De Baecque avoids some pitfalls of recent celebrity biographers who pretend to be trained psychoanalysts, deciphering their subject's behavior as the result of some childhood trauma. Instead, de Baecque merely tells what happened and when, without much reflection with the benefit of time fifteen years after Truffaut's death. We learn how Truffaut came to acquire this or that novel that he later filmed, how a particular shoot went, or how well his films did at the box office.

We also learn which women Truffaut dated - and there were many. Though this might seem sensationalistic, let's face it: he was French. Plus, because Truffaut dated most of his leading ladies, understanding his relationships with them sheds some light on how these films were made.

All in all an entertaining book, particularly if you know nothing about the director.

Woody Allen: A Biography By John Baxter.

In 1978 writer Lee Guthrie pubushed "Woody Allen: A Biography" (subsequently withdrawn after a lawsuit by Allen about misuse of material). Eric Lax tried again when he published his then-definitive "Woody Allen: A Biography" in 1991. Coming just before the Soon-Yi scandal, it was comprehensive but quickly became out of date.

Now, John Baxter has written a new book about Woody Allen with the clever and innovative title "Woody Allen: A Biography".

Baxter's book is not the first on Woody Allen since Lax's, but it is the first true biography since then. Of course, Baxter has been able to cover the decade after Lax's book ends. But unlike Lax, who was a member of Woody's inner circle for years and whose books have a respectful, worshipful quality, Baxter is much more balanced and, at times, critical of the man and his work. Lax would never mention that Woody has always liked young women, such as the three-year relationship he had in the late 70's with a 17-year-old girl. Thus, by the time Soon-Yi is introduced, it's no surprise at all that Woody would date someone that young. Nor did Lax mention that one of Woody's first indulgences when he made it big was a white Rolls Royce - not something his uninformed fans would have imagined. And, not surprisingly, Baxter includes comments from people possibly with axes to grind with Woody.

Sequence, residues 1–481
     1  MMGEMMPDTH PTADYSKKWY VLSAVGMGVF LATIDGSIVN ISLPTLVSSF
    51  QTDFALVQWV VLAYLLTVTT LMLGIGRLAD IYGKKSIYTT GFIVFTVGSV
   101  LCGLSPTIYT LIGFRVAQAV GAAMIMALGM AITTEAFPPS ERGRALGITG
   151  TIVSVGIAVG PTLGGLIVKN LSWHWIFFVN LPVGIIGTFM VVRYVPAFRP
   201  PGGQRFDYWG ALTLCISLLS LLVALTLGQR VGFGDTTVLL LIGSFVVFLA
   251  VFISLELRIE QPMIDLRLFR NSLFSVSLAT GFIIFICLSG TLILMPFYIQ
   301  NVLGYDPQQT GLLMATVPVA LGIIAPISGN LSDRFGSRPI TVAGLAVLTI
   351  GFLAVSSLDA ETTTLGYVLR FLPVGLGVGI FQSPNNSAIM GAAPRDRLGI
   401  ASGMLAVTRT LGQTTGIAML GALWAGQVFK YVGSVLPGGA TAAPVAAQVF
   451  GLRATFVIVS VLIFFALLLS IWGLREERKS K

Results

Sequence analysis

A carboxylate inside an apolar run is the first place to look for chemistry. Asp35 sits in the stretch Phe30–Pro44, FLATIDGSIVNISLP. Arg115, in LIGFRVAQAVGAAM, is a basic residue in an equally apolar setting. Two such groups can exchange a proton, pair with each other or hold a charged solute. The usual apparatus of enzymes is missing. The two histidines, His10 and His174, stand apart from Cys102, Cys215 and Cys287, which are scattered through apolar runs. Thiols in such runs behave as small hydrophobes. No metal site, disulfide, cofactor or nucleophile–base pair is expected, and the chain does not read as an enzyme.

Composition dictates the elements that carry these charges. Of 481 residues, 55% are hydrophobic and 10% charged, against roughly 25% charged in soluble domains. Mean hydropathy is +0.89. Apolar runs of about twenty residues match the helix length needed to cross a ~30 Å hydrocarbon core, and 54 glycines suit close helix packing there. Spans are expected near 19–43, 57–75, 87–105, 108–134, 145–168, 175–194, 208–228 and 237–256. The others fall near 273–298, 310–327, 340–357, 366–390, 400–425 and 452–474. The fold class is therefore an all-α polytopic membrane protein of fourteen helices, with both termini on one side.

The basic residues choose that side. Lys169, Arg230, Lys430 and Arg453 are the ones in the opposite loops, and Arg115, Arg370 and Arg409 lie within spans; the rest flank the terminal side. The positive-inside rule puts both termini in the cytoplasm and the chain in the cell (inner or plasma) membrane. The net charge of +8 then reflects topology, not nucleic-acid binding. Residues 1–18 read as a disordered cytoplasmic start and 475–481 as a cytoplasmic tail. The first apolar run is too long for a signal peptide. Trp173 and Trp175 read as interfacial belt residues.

Some of the stories about Woody the director are debunked - such as the fact that he's an "actor's director" who lets his actors ad-lib casually. The reality, according to Baxter, is that Woody is very controlling of actors and lets actors change lines only when he feels their dialogue not important. One person is quoted as saying Woody knows less about actors than Robert Altman (i.e. nothing).

Baxter's book ends abruptly with a chapter hastily added covering "Celebrity"; there is no summation or analysis of what Woody Allen might mean to American film (Baxter is presumably British). How will Woody Allen be remembered in 30 years? Which films are remembered and why? How has he influenced other filmmakers? If Baxter contemplated any of these questions, he negelected to mention his conclusions.

"Woody Allen: A Biography" is well-written and comprehensive, but because Baxter did not have Lax's direct access, Baxter has trouble getting close to Woody the artist, even if his account is more balanced. Lax has a better understanding of Woody Allen - having spent many years with him - and Woody Allen the artist hasn't changed all that much since 1991. If you want to understand Woody Allen, best to read both books, truly.